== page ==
What do you remember about your time as a Youth Leader?
I became a Youth Leader my junior year and immediately fell in love with it. My high school journey was about me finding my voice and that was the outlet I needed to use it in an appropriate way. I was a high achieving student and didn’t always know how to manage that. Being a Youth Leader gave me a positive way to be seen.
I remember the sense of empowerment and adrenaline rush of the events we planned – like field day when we would bring the whole campus together to learn about college. We had camaraderie and were invested in each other’s success.
I wrote about being a Youth Leader in my personal statement for graduate school. I talked about how we had lots of resources in the community but no one in the school was hearing about them. I really liked my counselor but she had too much on her plate. As a Youth Leader I was there to support her vision for her students and fill in the gaps she couldn’t do because of the constraints of her job. No one had the time to show them schools that were outside of their immediate reality – and I got to do that.
How did being a Youth Leader lead you to what you are doing now?
In high school I had no direction as to where I was going. I had cocky arrogance that I could do a lot – but I had no idea what it would be. I was the youngest of three – my older sisters were high performing students and started at two year CUNYs. They needed help finding their path. My parents – they pushed us very hard academically – but I wondered how we were such good students but couldn’t get to where we really wanted to be. When I was a Youth Leader I learned about Eugene Lang College – I liked it and so I applied to and got in with a good package.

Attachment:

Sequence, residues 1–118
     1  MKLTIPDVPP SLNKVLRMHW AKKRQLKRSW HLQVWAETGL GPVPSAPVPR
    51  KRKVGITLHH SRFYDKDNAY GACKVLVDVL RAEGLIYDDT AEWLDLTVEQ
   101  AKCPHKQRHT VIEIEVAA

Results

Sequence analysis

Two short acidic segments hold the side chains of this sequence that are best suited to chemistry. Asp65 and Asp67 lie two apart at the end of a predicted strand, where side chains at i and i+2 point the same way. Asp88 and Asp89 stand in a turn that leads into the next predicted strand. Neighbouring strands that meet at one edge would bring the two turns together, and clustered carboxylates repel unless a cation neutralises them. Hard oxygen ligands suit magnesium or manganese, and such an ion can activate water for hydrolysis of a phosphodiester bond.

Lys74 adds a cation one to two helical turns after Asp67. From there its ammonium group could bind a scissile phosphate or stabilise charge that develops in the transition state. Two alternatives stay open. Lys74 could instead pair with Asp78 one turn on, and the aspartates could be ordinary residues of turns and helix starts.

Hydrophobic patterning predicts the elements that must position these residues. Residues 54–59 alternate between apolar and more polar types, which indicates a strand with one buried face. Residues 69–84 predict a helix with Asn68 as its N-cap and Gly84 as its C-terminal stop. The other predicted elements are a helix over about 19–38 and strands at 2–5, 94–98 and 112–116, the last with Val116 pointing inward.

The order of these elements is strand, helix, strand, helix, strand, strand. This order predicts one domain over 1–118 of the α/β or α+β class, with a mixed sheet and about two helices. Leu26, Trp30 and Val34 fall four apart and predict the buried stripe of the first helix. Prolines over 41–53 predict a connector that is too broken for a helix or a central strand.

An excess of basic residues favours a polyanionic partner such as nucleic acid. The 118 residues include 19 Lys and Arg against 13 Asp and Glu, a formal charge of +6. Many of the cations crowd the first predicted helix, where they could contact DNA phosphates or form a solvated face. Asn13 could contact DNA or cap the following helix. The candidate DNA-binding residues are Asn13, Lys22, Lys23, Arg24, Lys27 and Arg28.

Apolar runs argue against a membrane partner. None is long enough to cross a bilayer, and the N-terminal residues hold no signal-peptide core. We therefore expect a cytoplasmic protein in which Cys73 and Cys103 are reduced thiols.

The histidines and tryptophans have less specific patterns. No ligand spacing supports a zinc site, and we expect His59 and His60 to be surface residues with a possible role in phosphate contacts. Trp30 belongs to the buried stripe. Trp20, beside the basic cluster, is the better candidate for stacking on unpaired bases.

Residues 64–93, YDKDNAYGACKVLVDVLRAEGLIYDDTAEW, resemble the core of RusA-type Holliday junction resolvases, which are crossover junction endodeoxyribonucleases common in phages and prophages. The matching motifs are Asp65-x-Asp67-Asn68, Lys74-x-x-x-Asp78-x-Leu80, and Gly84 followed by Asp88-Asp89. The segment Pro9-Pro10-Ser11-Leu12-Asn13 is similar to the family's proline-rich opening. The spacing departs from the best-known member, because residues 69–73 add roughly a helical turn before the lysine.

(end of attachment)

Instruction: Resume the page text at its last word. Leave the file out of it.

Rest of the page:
Because of all of the skills I learned about advocacy as a Youth Leader, I asked my college if I could do my work-study position with the SSC at my high school. I got to keep helping my community… I was a psychology major and wanted to be a school psychologist at first – but then I looked into counseling and realized that I had a lot of skills from being a Youth Leader so I decided to pursue a Masters in Counseling after I graduated.
While I was doing my Masters, I became a Parent Coordinator at A. Philip Randolph High School. They ended up having three counselor openings – one for special education, one for the 9th grade, and a college counseling one. The principal really wanted me to do the 9th grade position – he did not know I had been a Youth Leader before. He asked me to give him a good reason for being the college counselor – I said, “I have six years of experience and passion and knowledge.”
Why did you want to bring an SSC to the Randolph campus?
I heard that the DoE was doing an RFP for new SSCs. The principal was hesitant about it – he thought we were doing well. I said, “Our kids deserve more than me.” I also explained I was a Youth Leader and look at who I became. I said to him, “I am getting older and more irrelevant as the days go by – Youth Leaders are always going to be relevant and approachable. I know that as a counselor maybe I have a wider skill set but I am never going to be the ‘friend’ of a current student and Youth Leaders can be.”